Bearing Your Cross Means to Die
Luke 9:23 is a well-known passage, “If anyone would come after Me, let him deny himself and take up his cross daily and follow Me.” Yet this passage is often misinterpreted. Many think this passage is a generalisation about life in this world—that to “bear your cross” is to go through some minor hardship.
For example, that you have to deal with a minor or major food allergy your entire life is to “bear your cross.” This is a shallow understanding of Jesus’ preponderating statement.
By saying, “let him deny himself and take up his cross daily and follow Me,” Jesus is not speaking on simple human difficulties. Rather, He is literally saying, “If anyone would follow Me, he must deny himself and die for Me.” To follow Jesus—to bear your cross—is to die for Jesus.
Directly before He says this, Jesus foretold His death to the disciples: “The Son of Man must suffer many things and be rejected by the elders and chief priests and scribes, and be killed, and on the third day be raised” (Luke 9:22). Then, directly after this, He says the hard saying, thus translated directly from the original Greek, “If anyone wants to come after Me, he must deny himself and take up his cross daily and follow Me.”
In other words, to faithfully follow Christ is to follow Him where He goes—all the way to Mt. Calvary on the cross where He died for you. To bear your cross is not to suffer for a little while; to bear your cross is to die, specifically for Jesus.
After His transfiguration and healing the boy with a demon, Jesus foretells His death a second time, “The Son of Man is about to be delivered into the hands of men” (Luke 9:44). Then His death is recorded in Luke’s Gospel account in Luke 23. To bear your cross, therefore, also means you just might be delivered into the hands of men for Christ’s sake just as He was delivered into the hands of men for your sake. Christianity is not for sissies.
Thus, it stands that just as Christ suffered for us, so the Christian—the follower of Christ—must suffer for Him. Paul echoes this fact, “For as we share abundantly in Christ’s sufferings, so through Christ we share abundantly in comfort too” (2 Corinthians 1:5). Likewise, Peter said, “But rejoice insofar as you share Christ’s sufferings, that you may also rejoice and be glad when His glory is revealed” (1 Peter 4:13).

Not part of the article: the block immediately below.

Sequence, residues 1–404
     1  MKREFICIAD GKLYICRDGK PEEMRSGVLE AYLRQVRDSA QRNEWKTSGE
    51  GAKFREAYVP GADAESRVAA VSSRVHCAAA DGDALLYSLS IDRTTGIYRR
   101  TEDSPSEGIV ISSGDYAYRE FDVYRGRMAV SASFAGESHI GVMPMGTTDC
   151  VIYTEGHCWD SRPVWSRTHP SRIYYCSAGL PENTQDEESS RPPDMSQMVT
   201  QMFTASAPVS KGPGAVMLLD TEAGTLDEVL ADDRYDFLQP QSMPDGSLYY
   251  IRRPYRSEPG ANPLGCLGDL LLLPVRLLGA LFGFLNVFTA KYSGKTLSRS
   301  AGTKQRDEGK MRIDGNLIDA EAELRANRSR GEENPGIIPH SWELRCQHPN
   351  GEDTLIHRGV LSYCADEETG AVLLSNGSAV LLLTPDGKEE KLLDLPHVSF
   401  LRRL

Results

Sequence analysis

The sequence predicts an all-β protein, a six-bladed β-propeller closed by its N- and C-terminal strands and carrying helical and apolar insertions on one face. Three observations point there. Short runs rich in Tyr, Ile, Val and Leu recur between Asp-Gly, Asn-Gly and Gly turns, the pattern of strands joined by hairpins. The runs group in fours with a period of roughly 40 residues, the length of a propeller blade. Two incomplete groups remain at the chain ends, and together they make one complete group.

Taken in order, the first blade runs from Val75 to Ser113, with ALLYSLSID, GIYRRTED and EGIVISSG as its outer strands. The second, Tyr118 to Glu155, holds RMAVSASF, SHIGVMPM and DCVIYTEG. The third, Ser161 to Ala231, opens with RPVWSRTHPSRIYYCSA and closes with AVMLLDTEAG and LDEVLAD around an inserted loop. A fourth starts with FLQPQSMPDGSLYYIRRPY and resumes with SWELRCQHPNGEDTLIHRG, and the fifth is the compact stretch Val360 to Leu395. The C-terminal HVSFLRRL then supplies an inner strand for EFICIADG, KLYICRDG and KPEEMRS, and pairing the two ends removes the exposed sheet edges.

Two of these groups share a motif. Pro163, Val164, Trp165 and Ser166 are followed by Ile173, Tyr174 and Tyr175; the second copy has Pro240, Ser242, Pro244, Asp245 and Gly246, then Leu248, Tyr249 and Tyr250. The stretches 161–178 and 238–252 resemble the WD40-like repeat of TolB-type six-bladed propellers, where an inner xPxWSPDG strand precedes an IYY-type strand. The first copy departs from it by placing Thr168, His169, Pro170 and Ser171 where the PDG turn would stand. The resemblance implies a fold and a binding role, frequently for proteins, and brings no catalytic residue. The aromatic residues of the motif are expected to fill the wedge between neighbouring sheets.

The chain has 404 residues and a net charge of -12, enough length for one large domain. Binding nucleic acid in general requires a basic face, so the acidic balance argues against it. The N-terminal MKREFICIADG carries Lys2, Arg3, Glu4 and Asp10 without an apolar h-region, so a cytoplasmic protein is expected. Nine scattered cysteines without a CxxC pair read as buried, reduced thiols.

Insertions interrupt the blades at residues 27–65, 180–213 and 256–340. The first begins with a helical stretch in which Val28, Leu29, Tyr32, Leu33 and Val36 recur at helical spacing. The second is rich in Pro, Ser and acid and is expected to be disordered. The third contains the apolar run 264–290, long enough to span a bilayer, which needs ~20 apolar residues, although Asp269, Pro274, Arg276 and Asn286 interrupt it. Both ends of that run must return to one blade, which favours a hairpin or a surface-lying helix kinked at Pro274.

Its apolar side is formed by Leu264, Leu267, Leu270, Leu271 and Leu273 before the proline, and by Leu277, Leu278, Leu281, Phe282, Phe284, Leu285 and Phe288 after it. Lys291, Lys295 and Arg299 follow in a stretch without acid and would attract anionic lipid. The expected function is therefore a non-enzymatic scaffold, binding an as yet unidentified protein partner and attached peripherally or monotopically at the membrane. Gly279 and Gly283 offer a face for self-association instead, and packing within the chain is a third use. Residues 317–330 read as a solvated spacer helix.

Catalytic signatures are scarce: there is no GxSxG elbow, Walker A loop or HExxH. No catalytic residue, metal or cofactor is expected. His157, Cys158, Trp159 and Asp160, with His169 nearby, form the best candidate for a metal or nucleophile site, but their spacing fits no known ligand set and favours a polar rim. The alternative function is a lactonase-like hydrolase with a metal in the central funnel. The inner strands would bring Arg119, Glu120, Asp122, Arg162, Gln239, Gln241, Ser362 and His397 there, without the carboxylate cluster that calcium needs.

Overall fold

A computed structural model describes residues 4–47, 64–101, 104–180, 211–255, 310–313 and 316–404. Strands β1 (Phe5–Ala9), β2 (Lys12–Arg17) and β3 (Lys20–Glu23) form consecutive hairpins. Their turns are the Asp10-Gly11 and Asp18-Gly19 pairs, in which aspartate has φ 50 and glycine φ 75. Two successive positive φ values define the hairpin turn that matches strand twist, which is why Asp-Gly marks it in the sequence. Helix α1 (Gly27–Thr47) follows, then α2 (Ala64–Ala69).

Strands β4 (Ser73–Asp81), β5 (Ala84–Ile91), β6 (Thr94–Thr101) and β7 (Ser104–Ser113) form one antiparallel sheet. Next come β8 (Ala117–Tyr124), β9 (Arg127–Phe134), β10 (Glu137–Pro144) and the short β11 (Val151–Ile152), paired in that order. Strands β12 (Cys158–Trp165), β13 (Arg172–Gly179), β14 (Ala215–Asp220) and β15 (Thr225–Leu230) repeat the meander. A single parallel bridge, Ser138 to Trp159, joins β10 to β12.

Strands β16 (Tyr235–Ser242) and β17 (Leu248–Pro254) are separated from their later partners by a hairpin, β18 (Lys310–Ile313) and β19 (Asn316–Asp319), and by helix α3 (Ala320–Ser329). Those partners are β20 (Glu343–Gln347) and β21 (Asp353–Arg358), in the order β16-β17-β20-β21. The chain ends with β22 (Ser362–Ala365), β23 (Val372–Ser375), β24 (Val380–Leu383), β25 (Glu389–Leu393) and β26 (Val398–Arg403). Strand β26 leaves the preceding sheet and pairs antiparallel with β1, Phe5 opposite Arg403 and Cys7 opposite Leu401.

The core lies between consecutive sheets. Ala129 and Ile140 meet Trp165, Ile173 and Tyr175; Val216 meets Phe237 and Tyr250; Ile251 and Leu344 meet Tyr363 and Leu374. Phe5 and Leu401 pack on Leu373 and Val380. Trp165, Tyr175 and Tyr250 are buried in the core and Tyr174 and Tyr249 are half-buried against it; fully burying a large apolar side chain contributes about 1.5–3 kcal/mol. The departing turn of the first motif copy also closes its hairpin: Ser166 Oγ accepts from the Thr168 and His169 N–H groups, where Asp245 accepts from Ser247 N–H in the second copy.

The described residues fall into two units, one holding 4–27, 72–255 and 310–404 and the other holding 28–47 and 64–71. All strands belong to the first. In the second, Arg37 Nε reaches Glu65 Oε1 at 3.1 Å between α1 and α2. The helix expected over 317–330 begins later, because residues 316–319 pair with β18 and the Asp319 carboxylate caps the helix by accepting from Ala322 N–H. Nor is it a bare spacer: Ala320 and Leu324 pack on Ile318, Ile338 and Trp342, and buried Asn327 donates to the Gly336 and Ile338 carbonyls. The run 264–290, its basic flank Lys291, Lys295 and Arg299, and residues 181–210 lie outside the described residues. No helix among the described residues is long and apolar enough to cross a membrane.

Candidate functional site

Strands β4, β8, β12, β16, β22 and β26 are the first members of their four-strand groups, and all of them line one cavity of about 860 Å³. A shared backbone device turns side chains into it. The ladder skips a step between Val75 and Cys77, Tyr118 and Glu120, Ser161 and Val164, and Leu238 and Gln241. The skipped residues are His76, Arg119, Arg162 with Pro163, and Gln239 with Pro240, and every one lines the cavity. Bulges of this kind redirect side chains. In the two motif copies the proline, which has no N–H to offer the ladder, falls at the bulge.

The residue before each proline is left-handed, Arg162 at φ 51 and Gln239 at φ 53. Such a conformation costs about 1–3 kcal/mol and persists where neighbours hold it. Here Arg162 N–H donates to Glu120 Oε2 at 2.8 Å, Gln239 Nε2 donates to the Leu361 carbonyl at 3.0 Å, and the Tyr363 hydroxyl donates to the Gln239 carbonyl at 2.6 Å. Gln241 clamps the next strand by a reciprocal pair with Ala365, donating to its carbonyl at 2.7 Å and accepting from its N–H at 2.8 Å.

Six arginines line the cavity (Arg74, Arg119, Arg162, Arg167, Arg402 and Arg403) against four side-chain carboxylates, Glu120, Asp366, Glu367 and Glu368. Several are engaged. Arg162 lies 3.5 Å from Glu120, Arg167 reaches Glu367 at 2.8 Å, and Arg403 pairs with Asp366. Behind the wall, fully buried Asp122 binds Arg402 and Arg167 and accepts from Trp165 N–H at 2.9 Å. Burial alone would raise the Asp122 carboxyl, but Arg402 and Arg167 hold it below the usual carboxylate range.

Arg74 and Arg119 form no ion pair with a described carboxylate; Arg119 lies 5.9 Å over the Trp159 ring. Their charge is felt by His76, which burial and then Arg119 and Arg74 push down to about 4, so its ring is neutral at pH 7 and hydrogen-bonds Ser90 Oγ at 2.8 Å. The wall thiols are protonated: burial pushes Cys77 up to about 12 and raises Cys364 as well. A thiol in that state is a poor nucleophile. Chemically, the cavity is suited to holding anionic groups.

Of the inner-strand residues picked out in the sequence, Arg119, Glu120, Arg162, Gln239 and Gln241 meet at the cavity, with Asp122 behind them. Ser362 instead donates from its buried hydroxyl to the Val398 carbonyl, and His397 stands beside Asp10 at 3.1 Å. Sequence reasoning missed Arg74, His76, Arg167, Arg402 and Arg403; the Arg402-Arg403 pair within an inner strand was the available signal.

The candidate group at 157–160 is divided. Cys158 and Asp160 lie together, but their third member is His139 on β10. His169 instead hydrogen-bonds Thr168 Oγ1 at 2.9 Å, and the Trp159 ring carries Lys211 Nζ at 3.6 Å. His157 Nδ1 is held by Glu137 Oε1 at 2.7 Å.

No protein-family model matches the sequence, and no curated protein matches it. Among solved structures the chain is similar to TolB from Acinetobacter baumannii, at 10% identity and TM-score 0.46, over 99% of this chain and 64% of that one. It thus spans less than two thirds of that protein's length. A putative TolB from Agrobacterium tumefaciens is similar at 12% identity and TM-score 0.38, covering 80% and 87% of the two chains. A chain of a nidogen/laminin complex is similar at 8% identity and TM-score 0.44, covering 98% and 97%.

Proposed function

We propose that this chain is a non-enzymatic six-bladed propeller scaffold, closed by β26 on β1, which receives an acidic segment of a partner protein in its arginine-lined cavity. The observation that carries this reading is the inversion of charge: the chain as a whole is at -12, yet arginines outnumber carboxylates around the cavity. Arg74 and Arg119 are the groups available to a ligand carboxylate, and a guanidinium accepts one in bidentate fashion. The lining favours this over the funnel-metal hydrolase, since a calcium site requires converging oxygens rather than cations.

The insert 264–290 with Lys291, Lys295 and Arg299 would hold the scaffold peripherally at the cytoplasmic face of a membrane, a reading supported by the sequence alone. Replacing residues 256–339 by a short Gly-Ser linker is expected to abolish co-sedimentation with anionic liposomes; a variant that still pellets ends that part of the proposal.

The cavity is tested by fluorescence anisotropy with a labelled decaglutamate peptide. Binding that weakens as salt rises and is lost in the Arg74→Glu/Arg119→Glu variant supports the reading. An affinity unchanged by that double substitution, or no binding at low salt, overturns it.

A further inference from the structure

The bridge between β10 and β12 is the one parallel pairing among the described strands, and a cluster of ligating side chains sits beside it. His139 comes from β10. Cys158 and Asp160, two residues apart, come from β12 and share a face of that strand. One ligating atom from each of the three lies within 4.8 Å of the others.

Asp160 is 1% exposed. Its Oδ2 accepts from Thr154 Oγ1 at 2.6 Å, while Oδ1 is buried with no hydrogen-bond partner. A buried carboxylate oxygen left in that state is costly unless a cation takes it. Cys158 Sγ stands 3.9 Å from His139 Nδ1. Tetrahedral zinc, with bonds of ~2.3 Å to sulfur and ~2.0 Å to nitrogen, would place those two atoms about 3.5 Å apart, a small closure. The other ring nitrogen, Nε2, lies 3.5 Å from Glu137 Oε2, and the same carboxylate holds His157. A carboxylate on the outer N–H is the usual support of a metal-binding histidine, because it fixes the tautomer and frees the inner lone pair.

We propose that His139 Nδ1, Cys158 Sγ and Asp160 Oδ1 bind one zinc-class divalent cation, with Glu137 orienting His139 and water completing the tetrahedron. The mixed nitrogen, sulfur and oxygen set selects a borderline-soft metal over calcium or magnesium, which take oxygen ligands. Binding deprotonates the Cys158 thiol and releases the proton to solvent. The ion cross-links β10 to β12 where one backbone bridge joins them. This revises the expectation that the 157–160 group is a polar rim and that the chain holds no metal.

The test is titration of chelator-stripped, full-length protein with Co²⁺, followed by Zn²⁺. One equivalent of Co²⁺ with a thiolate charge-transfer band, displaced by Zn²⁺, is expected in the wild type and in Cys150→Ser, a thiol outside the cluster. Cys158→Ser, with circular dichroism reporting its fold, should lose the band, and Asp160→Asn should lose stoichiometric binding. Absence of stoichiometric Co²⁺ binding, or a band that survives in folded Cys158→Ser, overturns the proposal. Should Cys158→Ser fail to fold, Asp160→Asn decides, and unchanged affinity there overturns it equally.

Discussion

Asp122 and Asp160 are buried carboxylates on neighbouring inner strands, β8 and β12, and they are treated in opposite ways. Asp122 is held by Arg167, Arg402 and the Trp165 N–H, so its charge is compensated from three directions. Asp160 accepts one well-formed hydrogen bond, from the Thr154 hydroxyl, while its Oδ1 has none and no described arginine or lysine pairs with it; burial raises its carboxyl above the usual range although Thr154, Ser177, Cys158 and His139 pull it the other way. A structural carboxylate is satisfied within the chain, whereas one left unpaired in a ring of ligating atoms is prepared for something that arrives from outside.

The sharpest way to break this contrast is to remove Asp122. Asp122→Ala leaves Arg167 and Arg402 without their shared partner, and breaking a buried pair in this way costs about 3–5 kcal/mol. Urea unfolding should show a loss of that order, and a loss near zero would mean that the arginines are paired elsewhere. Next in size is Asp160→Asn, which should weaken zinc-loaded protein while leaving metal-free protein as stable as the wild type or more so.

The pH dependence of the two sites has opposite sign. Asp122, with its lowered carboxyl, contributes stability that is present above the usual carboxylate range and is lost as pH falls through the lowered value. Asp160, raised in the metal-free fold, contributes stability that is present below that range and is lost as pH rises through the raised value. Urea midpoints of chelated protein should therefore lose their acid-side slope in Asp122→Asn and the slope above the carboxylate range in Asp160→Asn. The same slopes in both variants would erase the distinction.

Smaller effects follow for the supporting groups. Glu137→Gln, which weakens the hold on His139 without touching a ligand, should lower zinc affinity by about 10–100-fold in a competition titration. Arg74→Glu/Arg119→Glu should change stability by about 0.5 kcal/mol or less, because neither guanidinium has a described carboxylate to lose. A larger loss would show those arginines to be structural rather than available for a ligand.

For the Apostles, suffering is not only normal for Christians; it is especially the hallmark of the Christian experience. It is a mystery, then, as to why many Christians expect the Christian life to be filled with warm, fuzzy feelings and perpetual joy.
While we certainly do experience the ineffable joy of the Lord in our worship of Him and His deliverance of us from death to life (Romans 6:1-5), suffering as Christ suffered is the inevitable experience of the Christian. We are, after all, living behind enemy lines as Christians. To think that you will not experience any sort of hostility from the world that hates Christ and His followers is an immature faith.
The reality of our suffering as Christians is not something Peter and Paul made up; Jesus warned His disciples of their inevitable suffering as ones who follow Him. “In the world you will have tribulation,” He said. “But take heart; I have overcome the world” (John 16:33b)!
Jesus knew His disciples would suffer because of who He is, the Son of God—whether this is from the world, the Devil, or our own flesh. This does not mean every Christian will become a martyr. What it does mean is that as followers of Christ, our lives will not be just a little bit difficult here and there, but extremely difficult as sin, death, the world, and the Devil rage against us.